Is the Adaptability Dimension of Corporate Culture Associated with Earnings Quality and Tax Strategies?




Greenwald, S. Mark

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Employing a novel approach, I use a unique data set from GlassDoor to examine the association between the Adaptability dimension of corporate culture and earnings quality and tax strategies by public corporations. I define corporate culture as an intangible asset that is a mechanism for social control throughout an organization consistent with O'Reilly et al. (2014). Prior research suggested correlations between corporate culture and firm outcomes (Hartnell et al., 2011), but has not investigated specific reporting behaviors using social media responses to derive an empiric value for corporate culture. Because 91% of surveyed executives (Graham et al., 2016b) believed corporate culture was important since it can affect reporting outcomes, it is important to examine the interactions between corporate culture and earnings quality and tax strategies. I find mixed results that suggests some aspects of lower earnings quality and some more aggressive tax strategies are significantly associated with a firm culture of Adaptability. Firms with a corporate culture of Adaptability are more likely to engage in accruals earnings management, have material internal control deficiencies, lower GAAP effective tax rates, higher UTB balances, more use of Tax Havens, and less real earnings management. Additionally, I test two other dimensions: Integrity and Results. First, firms with a corporate culture of Integrity are not associated with higher quality earnings and weakly associated with less tax avoidance. Secondly, firms with a corporate culture of Results are more likely to engage in accruals earnings management, but unlike Adaptability firms, are not associated with tax strategies. I also test all six dimensions of corporate culture and find my three test ( Adaptability, Integrity, Results) dimensions generally exhibit the same associations when examined separately. This does suggest that some dimensions may act as controls for others, so I examine and find that the corporate culture of Collaboration moderates risky behaviors by Adaptability firms. In sum, my examination suggest that the latent aspects of firms have an influence on firm behaviors beyond performance and should be scrutinized further to find other moderators, constraints, or ameliorate inefficiencies.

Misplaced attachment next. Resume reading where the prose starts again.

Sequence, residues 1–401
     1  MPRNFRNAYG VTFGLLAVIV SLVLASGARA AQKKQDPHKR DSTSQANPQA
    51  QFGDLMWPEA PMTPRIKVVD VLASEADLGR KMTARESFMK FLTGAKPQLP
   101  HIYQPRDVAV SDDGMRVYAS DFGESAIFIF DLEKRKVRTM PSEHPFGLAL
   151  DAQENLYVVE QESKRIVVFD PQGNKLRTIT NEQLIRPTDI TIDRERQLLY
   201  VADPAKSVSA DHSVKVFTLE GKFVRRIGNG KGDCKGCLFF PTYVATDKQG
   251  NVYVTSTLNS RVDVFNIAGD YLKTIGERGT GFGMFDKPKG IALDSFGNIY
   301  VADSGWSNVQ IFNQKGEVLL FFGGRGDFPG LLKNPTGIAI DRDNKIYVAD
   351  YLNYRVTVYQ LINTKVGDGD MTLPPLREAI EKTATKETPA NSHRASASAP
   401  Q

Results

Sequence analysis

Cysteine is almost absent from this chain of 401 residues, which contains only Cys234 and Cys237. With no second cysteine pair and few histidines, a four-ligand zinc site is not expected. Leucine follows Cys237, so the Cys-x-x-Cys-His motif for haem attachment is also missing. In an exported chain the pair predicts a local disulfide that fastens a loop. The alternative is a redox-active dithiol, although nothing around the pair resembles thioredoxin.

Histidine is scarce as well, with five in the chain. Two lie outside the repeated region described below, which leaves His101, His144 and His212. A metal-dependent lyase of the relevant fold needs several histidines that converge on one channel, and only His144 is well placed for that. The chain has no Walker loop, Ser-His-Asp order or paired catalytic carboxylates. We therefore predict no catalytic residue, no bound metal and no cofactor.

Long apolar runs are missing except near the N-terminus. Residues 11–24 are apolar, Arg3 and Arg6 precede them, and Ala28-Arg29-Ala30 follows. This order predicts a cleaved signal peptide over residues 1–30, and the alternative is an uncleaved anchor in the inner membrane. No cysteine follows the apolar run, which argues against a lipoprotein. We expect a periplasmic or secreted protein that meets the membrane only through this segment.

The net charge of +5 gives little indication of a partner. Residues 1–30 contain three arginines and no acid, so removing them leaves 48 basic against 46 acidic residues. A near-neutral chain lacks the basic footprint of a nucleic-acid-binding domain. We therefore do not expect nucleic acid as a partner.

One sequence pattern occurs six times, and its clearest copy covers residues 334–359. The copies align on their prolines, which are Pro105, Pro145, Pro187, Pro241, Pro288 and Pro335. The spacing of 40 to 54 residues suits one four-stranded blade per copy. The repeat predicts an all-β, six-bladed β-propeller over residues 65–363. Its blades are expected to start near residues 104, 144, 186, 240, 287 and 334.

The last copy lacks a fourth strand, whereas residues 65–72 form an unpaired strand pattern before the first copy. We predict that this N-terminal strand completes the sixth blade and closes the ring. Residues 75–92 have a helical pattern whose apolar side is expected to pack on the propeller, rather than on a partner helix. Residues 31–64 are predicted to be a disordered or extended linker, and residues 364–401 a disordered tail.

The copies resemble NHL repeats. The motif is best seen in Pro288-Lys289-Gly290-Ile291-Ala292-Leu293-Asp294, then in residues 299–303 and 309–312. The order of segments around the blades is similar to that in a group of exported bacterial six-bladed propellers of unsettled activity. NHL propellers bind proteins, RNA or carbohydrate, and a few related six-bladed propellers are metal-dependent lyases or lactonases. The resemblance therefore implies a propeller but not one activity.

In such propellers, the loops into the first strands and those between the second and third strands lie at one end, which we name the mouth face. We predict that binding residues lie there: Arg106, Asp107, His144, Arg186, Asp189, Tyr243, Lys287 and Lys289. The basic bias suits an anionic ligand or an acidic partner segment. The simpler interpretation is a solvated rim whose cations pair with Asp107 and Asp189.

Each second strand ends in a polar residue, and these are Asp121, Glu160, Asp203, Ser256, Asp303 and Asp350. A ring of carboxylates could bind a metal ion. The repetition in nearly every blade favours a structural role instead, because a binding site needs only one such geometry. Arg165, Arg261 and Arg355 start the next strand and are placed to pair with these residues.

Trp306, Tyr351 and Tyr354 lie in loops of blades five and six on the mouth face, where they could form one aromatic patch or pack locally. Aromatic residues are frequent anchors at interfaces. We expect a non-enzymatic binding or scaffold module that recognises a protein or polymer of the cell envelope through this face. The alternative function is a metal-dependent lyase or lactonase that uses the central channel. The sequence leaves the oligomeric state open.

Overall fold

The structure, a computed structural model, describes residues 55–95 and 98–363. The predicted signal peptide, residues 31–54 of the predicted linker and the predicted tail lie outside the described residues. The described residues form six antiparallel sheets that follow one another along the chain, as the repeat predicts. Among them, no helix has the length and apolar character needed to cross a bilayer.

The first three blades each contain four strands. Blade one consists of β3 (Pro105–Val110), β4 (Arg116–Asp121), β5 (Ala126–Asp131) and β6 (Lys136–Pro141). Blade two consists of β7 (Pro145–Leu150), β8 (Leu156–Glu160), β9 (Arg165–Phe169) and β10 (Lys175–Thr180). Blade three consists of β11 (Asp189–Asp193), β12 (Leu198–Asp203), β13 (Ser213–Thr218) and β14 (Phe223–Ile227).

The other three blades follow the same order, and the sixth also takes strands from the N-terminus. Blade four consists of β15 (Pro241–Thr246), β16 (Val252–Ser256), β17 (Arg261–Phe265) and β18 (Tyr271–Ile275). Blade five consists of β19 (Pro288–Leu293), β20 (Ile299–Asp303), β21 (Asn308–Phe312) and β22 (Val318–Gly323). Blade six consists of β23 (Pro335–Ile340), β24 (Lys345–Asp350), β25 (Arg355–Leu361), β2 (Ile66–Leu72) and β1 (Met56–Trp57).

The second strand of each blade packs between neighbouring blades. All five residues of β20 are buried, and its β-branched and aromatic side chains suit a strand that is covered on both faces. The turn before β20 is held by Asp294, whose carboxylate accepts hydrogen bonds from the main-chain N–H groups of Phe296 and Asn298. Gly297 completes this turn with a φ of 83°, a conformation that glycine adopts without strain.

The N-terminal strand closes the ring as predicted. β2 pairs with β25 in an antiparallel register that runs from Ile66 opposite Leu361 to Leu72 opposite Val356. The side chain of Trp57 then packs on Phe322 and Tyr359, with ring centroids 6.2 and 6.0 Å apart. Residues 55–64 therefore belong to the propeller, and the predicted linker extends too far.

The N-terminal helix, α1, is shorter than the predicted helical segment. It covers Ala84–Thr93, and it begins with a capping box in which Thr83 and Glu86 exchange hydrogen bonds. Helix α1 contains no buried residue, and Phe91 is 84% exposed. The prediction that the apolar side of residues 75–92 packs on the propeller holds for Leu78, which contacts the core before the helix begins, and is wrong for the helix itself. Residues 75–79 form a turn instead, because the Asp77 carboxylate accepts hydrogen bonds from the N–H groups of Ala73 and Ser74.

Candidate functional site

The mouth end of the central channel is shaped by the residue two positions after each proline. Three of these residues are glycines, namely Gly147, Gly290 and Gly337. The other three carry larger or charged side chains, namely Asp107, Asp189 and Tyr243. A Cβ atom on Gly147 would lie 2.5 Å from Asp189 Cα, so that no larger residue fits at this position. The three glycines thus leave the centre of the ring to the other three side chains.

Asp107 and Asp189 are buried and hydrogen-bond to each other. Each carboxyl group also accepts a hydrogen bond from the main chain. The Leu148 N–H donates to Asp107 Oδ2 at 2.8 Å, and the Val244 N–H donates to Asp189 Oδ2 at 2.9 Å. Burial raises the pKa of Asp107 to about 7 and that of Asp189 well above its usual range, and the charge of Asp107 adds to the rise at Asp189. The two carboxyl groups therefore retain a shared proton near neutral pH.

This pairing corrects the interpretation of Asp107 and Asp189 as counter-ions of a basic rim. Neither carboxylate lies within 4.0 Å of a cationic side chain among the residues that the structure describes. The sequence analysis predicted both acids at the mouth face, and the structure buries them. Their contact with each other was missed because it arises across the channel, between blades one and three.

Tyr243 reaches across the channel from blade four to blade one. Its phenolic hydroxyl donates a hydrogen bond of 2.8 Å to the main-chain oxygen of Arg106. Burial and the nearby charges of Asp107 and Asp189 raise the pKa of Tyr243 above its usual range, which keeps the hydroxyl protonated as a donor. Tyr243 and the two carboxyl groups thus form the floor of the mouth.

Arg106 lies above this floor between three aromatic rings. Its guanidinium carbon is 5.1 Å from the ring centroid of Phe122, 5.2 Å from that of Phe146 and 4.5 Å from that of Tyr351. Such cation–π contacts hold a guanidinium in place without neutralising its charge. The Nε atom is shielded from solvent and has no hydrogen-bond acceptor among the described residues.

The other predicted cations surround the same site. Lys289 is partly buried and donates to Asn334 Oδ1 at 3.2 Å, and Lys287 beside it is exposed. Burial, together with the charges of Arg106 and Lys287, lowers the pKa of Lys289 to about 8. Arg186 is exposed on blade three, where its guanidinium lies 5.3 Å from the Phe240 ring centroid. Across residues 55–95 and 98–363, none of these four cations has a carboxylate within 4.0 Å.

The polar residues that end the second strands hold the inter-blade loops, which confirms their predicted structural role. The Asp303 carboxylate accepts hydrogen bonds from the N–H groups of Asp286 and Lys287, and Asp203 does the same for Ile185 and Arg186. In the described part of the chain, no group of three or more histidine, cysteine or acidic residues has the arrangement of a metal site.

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Corporate Culture, Earnings Management, Tax Avoidance